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Turner v. Andrew - 413 S.W.3d 272 (Ky. 2013)

Rule:

A limited liability company is a hybrid business entity having attributes of both a corporation and a partnership. Limited liability companies are creatures of statute controlled by Ky. Rev. Stat. Ann. ch. 275. Ky. Rev. Stat. Ann. § 275.010(2) states unequivocally that a limited liability company is a legal entity distinct from its members.

Facts:

On April 16, 2007, defendant Coy Turner was driving a feed-truck owned by his employer, defendant M & W Milling, when a movable auger mounted on the feed-truck swung loose into oncoming traffic, striking and seriously damaging a dump truck owned by plaintiff Billy Andrew. The damaged truck was one of seven dump trucks owned by Andrew and operated by "Billy Andrew, Jr. Trucking, LLC." The LLC, of which Andrew was the sole member, was formed fifteen months prior to the accident. Andrew filed suit against Turner and M & W Milling (M&W) in January 2008 claiming personal property damage to the truck as well as the loss of "income derived from the use of said motor vehicle owned by [Andrew] and used in the conduct of [Andrew's] business." The LLC was not named as a plaintiff in the lawsuit.

After several months of failing to respond to discovery requests and a court-ordered request for production,  M&W filed a motion to dismiss the claim pursuant to CR 37.02(2)(c) on the basis that Andrew failed to comply with discovery requests and the order to compel. No ruling was made on the motion, nor on the two motions for summary judgment filed by M&W. About a month later, M&W filed a motion in limine to exclude any evidence of lost business income attributable to the out-of-service truck as well as any evidence of property damage to the truck, which argued that the LLC was the only party that could pursue the lost income claim as the real party in interest. The trial court granted the motion. Thereafter, M&W moved for a judgment on the pleadings pursuant to CR 12.03, arguing that no evidence can be introduced at the trial of this matter to support the entry of a judgment for monetary damages against it. The trial court granted final judgment in favor of M&W. The Court of Appeals reversed the trial court's judgment, concluding that Billy Andrew could properly pursue the lost business claim in his own name because he is the sole owner of the LLC.  Defendants Turner and M&W sought discretionary review from the Supreme Court of Kentucky.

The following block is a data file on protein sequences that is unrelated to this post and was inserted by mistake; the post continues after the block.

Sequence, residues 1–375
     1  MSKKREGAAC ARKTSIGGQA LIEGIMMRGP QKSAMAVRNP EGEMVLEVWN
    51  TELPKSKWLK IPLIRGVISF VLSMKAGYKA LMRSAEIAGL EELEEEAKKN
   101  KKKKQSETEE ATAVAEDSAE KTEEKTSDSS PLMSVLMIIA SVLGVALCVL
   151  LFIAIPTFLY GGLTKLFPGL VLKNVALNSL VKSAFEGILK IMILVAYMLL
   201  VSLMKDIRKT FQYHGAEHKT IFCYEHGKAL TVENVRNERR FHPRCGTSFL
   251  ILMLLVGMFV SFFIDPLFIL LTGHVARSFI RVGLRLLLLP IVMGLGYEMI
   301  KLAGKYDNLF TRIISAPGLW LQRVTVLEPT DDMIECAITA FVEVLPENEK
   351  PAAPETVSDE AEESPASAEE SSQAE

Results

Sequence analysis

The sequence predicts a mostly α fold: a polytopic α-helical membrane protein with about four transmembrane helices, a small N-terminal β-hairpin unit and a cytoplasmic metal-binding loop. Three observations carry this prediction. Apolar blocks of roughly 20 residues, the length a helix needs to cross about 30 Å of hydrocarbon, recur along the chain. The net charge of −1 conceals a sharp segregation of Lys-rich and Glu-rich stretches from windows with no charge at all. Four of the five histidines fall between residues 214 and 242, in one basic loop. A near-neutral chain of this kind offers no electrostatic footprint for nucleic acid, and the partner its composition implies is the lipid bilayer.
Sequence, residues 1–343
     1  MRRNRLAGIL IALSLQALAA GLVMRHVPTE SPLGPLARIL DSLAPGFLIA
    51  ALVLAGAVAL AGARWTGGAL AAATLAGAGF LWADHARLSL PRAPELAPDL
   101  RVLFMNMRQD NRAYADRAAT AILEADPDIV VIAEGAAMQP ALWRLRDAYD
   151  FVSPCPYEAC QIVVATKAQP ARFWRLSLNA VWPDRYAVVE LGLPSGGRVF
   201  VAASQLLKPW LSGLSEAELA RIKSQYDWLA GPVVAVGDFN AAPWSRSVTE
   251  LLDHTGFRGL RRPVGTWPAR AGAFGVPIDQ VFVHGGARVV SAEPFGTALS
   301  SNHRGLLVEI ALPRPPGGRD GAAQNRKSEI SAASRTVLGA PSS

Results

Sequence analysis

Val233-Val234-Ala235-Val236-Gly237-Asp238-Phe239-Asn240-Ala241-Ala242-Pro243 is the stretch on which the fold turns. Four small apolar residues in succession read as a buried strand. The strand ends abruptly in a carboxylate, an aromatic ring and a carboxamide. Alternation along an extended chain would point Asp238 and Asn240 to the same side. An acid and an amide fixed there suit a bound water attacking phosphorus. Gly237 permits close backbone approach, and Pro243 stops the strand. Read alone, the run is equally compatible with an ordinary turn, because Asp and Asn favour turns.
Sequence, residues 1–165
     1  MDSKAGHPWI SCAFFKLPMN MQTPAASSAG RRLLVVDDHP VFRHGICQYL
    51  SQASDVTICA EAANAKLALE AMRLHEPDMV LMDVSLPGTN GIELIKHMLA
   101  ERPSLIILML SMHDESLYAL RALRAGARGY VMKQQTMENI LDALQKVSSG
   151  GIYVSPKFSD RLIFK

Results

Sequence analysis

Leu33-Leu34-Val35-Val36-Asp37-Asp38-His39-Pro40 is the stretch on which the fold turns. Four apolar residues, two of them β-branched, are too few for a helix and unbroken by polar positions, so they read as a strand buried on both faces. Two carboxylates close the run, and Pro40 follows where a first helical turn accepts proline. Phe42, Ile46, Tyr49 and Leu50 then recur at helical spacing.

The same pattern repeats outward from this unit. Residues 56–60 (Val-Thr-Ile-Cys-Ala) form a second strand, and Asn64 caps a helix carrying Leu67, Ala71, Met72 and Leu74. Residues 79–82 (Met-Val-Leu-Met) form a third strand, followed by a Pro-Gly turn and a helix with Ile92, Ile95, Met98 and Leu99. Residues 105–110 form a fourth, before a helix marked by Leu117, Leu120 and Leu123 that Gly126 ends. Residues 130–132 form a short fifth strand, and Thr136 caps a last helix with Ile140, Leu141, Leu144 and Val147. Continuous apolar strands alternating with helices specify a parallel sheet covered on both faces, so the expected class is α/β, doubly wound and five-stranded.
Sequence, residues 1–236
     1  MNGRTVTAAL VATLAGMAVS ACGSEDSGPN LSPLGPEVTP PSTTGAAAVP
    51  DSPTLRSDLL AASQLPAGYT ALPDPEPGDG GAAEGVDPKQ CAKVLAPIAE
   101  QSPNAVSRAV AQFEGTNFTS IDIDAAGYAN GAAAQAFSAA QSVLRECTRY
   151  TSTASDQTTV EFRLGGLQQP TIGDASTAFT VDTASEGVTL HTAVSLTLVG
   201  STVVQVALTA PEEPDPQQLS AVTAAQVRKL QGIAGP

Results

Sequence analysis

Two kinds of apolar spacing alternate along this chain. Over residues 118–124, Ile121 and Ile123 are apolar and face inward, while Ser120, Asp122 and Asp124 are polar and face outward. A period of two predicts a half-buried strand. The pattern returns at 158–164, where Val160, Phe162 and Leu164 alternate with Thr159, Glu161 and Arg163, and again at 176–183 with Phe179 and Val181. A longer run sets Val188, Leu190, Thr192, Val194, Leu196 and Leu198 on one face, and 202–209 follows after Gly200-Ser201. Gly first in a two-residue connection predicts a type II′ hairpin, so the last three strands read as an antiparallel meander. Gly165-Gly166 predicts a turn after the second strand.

Issue:

Could an LLC’s sole member pursue the lost business claim in his own name because he is the sole owner of the LLC?

Answer:

No.

Conclusion:

The Supreme Court of Kentucky held that the only proper party to bring suit for lost business income to the trucking business operated by the LLC was the LLC.  Ky. Rev. Stat. Ann. § 275.010(2) stated unequivocally that a limited liability company was a legal entity distinct from its members. According to the Court, the LLC and its solitary member, Billy Andrew, were not legally interchangeable. Moreover, the Court averred that an LLC was not a legal coat that one slips on to protect the owner from liability but then discards or ignores altogether when it is time to pursue a damage claim. The Court held that on remand, if it was determined that the LLC was the one conducting the trucking business on April 16, 2007, then the defendant would be entitled to summary judgment as a matter of law. TheCourt reversed the decision of the Court of Appeals in part, vacated in part, and remanded the matter to the state circuit court for additional proceedings.

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